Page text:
Thursday, 17th October – We would like to share our vision

The last ten days have passed shockingly fast, and so we woke up to the last day of our youth encounter this morning. After breakfast, we came together for morning devotion one last time, and it looked a little different today. Instead of a singing song or a hearing a verse we exchanged friendly messages or nice comments by writing them on a piece of paper stuck to everybody’s backs. It took a little while until all were finished, which shows already that we as a group have become quite close. Having read all the notes, we continued in our programme.

I think many of us enjoyed very much what followed now. Everybody received a mat and we all lay down and relax. While some calm music was playing, Nane took us on a journey of imagination and we were animated to think about how our life would look like in 2070. So we imagined how we would sit in front of our houses as old ladies and men, what we would have seen and experienced by then and also how we were going to be remembered after we would be gone. Especially imagining what we would like our life to have been like when we would look back one day, and by what values we would like to live made many of us very thoughtful.

Returning to the present, Nele had a creative task for us. We were supposed to present our vision of the world as we would like it to be in future in one connected drawing. What seemed like quite a challenge at first turned out to be very enjoyable and in the end we spent the rest of the morning and some of the afternoon completing our vision. We were very proud of it in the end! 🙂

After lunch we drew a little more and when we had finished cleaning up we finally presented the communities that should ensure a good life for all we had already crafted on Tuesday. Some of us had made a collage, some had made small houses out of paper and other materials. Our ideal communities often included shared common rooms, gardens or fields to grow our own food and good access to education. Afterwards some of us felt so exhausted that they needed a rest.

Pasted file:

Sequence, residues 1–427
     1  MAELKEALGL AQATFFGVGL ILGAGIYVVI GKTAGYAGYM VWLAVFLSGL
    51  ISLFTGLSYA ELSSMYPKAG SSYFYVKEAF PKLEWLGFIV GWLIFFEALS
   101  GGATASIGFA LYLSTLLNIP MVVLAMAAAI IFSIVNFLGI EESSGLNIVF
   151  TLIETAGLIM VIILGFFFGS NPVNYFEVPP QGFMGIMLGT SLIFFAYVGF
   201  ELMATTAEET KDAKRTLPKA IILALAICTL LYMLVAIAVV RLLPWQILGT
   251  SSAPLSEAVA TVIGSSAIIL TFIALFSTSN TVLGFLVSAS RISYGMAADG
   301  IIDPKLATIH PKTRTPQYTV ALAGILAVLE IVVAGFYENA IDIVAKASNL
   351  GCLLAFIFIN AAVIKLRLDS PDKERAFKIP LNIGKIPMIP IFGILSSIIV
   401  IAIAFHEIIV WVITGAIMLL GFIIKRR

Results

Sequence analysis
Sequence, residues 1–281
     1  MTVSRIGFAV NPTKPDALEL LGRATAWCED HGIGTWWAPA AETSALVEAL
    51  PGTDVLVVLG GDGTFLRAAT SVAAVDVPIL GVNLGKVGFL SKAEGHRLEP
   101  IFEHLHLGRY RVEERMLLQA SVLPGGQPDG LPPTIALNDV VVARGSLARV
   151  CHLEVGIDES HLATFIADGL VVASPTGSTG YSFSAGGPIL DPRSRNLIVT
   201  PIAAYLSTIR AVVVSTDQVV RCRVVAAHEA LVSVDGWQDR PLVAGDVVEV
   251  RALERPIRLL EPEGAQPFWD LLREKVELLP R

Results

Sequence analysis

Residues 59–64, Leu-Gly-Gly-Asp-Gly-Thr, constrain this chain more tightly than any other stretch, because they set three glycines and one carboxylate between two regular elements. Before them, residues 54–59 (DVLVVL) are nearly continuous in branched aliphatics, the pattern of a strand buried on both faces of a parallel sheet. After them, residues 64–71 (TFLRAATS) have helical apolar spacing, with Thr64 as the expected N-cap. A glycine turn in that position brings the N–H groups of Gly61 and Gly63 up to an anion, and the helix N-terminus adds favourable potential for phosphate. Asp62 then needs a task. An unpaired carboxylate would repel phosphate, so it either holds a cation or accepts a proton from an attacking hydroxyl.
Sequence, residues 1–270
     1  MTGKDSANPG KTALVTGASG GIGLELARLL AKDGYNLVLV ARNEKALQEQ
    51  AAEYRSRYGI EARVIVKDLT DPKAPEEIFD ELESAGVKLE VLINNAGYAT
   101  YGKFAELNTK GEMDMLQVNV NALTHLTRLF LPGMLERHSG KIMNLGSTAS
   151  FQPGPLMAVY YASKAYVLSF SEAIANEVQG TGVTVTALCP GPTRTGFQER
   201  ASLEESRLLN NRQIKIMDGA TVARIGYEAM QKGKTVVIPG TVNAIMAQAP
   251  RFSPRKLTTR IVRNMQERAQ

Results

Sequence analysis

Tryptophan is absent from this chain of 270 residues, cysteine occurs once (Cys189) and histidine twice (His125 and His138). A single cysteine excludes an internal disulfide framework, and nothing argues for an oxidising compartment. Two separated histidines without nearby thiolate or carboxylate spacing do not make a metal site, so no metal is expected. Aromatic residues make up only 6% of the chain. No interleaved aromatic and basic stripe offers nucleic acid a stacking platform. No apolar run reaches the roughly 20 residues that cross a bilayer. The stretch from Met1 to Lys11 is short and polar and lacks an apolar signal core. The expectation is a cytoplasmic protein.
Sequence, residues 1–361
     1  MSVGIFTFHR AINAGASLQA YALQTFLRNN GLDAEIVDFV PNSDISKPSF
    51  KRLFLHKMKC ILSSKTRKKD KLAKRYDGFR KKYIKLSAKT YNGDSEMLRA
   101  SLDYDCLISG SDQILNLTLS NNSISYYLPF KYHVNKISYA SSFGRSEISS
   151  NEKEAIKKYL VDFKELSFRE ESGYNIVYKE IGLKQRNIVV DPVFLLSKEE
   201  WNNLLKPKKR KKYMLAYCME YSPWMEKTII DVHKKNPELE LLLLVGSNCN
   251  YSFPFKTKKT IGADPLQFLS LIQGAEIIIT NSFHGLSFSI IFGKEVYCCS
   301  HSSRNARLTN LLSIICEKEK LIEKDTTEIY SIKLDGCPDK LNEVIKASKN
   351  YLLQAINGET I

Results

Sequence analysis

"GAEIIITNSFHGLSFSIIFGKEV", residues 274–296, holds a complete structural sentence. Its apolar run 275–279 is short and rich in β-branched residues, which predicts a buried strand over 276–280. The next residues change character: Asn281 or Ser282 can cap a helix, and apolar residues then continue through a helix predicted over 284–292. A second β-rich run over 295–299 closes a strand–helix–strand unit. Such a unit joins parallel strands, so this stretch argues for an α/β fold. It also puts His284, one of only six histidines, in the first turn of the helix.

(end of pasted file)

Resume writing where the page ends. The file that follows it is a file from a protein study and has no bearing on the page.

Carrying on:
So they could relax until supper and Nele continued to work with those who still had enough energy.

And we really needed it for the following task. Together, we were supposed to formulate goals for a utopia in 2070 and draw up steps how we could reach them in the next decades. This task was everything but easy and, of course provoked many controversial discussions. Especially the threat of the climate crisis became even clearer to us and we realized again how urgent the need for action is. The more time we lose, the more drastic the measures have to become.

For me, it was overwhelming to learn again how fast we need to act and how profound the changes are, that have to be made. But on the other hand, it was also encouraging to see that there are in fact solutions, but we also have to make use of our possibilities.

Given the magnitude of this task, we were not even near being finished when we went down for dinner at six.

At half past seven we came together again and we were visited by Heike Jakobeit, the general secretary of Bremen Mission who came to say goodbye to us, pray with us and give us benediction for our journeys home.

To end the evening, we gave feedback about what we had experienced the past few days. We shared our thoughts and we were very thankful for our team that had organised the encounter so well. So: Thank you Nele, Nane and Emefa for this wonderful time!

After the official part, we exchanged contacts and said goodbye to those who were already leaving.

I think I can speak for all of us when I say that we leave feeling well-informed about the struggles we are facing but we also feel encouraged to use the knowledge we have and do everything in our power to make a positive change.

Thank you to all the people that organised or participated, you have made this time very special!


Wednesday, 16 October, 2019 – Agriculture is for people not for profit!